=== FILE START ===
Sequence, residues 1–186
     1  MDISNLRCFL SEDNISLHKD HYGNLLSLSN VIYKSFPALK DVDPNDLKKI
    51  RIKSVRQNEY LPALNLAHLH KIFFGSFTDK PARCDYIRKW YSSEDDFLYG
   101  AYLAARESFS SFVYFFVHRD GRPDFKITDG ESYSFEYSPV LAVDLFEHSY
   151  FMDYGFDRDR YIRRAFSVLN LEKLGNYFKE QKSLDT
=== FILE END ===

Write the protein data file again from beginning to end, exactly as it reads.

Sequence, residues 1–186
     1  MDISNLRCFL SEDNISLHKD HYGNLLSLSN VIYKSFPALK DVDPNDLKKI
    51  RIKSVRQNEY LPALNLAHLH KIFFGSFTDK PARCDYIRKW YSSEDDFLYG
   101  AYLAARESFS SFVYFFVHRD GRPDFKITDG ESYSFEYSPV LAVDLFEHSY
   151  FMDYGFDRDR YIRRAFSVLN LEKLGNYFKE QKSLDT